The speculative fiction author Harlan Ellison referred to television as the “glass teat” in his book of essays of the same name. The implication, of course, was that television is a pacifier of sorts and that in sitting mindlessly in front of it and allowing it to feed images and often inane commentary into our heads, we are often kept from doing anything substantial with our lives.
There are lots of internet pages (like this one) dedicated to the idea that television is evil and keeps us, as a society, sedated and thereby keeps us from marching in the streets and demanding whatever it is we happen to want to demand of our governments–local, federal, feudal, or the just and righteous governance of our robot overlords.
Well, maybe not that last one. Yet.
There have been claims that television is bad for children, making it hard for them to distinguish between reality and fiction. There have been claims that increasingly violent programming on television increases the level of violence in our society. There have been claims that television is a giant lizard created by atom bomb testing and is coming to eat our cities and burn us all with radioactive flame.
Okay, maybe there hasn’t been that giant lizard claim. Yet.
But is television really all that bad?
Back in the 1990s, I was a television addict. There was a time when I would come home from taking or teaching a class and plop down on the comfy couch with a soda and some chips and just flick through channels, watching three minutes here, one minute there, killing time by means of the remote until the top or bottom of the hour came, whereupon I’d continue flicking through channels, hoping that now that the programs had changed there would be something worth watching.
Next thing I knew, it’d be three hours later and if you had asked me what I had been watching I could honestly have said, “Nothing, nothing at all.”
I eventually overcame my addiction by moving to Mexico, where we didn’t have a television for several months and when we finally did get one, it only got one channel that had any programming in English and would spontaneously turn itself off and remain in self-imposed isolation for days on end. True story.
Television’s evil, for me, as an addict, was that it was a time suck. As a writer and a photographer, I ought to spend a great deal of my time, y’know, writing and taking pictures. It’s hard to write or take pictures when you’re watching television. It’s also hard to have conversations with your friends, go hiking, do science (“Science!”), meet new people, be a contributor to your community, or hunt for proof of the existence of the chupacabra.
Wily, wily chupacabra.
But guess what? None of that was the television’s fault. It was the programmers’ faults for not putting on entertaining, educational programming. It was the writers’ faults for not creating thoughtful, witty, complex stories that could then be programmed. Most importantly, it was my fault because I forgot the Golden Rule — no, not that we should do unto others as we would have them do unto us (or even “Do unto others before they do unto you”), but rather “All things in moderation.”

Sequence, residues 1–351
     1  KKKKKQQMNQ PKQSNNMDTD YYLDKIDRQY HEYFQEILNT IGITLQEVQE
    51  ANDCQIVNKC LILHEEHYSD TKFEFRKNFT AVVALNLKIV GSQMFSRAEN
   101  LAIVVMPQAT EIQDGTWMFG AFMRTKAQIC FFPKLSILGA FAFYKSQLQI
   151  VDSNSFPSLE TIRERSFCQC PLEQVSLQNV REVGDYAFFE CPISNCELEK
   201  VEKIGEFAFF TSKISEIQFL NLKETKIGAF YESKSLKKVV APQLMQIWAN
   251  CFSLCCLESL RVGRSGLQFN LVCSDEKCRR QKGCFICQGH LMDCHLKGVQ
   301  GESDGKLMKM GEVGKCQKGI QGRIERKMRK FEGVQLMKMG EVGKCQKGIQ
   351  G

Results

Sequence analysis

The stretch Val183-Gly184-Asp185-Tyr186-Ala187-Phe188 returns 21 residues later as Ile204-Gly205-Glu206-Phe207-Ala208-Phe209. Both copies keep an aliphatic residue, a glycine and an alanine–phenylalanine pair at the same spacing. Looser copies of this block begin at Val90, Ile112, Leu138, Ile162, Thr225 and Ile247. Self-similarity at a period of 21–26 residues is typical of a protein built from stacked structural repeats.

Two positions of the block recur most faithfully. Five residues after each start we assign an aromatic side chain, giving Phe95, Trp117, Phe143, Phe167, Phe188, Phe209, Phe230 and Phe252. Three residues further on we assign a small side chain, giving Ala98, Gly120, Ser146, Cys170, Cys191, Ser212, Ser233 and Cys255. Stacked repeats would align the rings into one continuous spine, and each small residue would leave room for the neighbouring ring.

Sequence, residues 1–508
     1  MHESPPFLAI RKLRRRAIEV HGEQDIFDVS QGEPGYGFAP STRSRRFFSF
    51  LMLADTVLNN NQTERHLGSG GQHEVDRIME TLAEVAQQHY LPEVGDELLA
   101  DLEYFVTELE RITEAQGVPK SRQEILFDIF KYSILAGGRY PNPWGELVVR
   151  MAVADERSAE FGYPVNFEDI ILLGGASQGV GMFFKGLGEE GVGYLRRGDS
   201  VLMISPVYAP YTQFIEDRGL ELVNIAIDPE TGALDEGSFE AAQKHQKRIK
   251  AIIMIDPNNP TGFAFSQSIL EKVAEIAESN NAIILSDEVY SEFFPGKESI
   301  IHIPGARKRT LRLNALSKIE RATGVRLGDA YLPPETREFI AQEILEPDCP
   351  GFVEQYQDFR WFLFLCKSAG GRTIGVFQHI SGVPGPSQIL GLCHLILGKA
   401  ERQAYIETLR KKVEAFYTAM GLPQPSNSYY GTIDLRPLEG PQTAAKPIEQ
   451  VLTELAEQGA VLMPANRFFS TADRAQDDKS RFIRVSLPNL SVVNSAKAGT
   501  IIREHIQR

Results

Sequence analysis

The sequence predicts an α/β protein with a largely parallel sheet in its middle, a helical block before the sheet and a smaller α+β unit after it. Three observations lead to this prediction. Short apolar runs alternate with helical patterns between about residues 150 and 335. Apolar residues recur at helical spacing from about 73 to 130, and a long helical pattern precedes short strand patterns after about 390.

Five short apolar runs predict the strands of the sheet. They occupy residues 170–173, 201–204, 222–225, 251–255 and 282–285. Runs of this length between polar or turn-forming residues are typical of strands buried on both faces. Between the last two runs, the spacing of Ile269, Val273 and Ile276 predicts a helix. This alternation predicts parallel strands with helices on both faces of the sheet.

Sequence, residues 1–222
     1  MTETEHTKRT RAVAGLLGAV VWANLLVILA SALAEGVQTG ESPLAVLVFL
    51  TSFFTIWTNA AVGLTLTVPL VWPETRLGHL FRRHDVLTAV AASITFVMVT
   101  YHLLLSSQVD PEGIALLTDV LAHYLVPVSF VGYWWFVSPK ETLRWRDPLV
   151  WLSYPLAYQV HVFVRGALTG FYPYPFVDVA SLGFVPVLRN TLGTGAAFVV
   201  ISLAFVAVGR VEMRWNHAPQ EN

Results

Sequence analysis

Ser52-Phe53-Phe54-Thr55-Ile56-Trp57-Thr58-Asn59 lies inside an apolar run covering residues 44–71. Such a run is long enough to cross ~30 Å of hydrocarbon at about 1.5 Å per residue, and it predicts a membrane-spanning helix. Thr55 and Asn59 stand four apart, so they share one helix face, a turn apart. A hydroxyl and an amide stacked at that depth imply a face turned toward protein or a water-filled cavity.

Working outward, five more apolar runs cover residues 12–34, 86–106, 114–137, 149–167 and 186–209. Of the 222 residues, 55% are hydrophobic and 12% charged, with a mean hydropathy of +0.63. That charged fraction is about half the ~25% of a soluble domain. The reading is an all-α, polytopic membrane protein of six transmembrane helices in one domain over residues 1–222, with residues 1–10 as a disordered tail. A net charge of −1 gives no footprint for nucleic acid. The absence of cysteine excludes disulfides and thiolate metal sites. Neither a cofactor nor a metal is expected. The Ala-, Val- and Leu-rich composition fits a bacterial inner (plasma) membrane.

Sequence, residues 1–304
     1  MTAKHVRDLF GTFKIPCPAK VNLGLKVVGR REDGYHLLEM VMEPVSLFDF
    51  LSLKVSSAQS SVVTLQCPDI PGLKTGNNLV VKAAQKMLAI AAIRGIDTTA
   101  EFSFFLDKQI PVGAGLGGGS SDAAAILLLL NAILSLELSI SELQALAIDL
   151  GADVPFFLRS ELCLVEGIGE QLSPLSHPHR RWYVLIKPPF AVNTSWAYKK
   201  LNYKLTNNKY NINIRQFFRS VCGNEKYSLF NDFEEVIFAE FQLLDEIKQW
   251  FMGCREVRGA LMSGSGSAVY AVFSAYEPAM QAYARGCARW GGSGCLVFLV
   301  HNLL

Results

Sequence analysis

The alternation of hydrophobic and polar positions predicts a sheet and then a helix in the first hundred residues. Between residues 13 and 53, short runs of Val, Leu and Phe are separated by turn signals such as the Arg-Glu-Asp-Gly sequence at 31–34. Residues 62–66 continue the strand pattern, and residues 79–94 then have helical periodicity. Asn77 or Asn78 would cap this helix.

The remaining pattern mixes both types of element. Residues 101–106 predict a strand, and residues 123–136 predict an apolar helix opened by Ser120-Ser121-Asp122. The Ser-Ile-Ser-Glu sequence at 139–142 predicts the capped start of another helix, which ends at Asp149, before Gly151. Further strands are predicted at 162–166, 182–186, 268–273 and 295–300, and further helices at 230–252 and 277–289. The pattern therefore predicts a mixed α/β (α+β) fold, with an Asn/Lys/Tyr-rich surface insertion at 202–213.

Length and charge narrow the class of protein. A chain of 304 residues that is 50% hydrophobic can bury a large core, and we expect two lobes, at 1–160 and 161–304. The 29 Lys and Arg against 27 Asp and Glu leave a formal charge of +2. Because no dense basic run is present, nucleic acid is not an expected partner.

Too much food–high cholesterol and blood pressure.
Too much partying–bad health, no sleep, and meeting guys named Bubba in the lockup.
Too much television — the almost certainty that you’ll accidentally watch an episode of “The Jersey Shore” and be scarred for life.
Now that I’m back living in the States, I watch television on a regular basis again. But I’ve found that my tolerance for the dreck has decreased considerably and I’ve found that, lo-and-behold, moderation is a good thing. I no longer just flip through channels for hours at a time hoping that something good will be on. Instead, I use my television to watch shows that I know I want to watch (usually, with the help of el DVR, whenever I want to watch them)–the ones that are well-written, witty, insightful, and/or mindless escapism (yes, escapism is okay, too, in–you guessed it–moderation). I use my television to watch movies. In these days of technological wonders, I also use my television to watch independent programming from the internet, play video games, and learn what my Wii age is on Wii Sports (28, if you were wondering).
The television, like all tools, is what we make of it and what we make with it. A hammer can crush your thumb, or help you build a birdhouse. A pipe wrench can help you get that diamond ring out of the drain, or be the weapon of choice in Clue. A television can make you the mental equivalent of a Caesar side salad, or it can open your mind to a sweeping world of creativity and challenging thought.
Now, excuse me, please, I’m going to go watch some…no, you know what? I think instead that I’m going to go see if I can hunt down a chupacabra.
Wily, wily chupacabra.
[There have been times when the author has almost been eaten by his television and not just chupacabras. It’s a very large television, after all. If your television is showing signs of sentient evil, you may contact the author for advice in the comments section below or via his twitter feed @parablehead]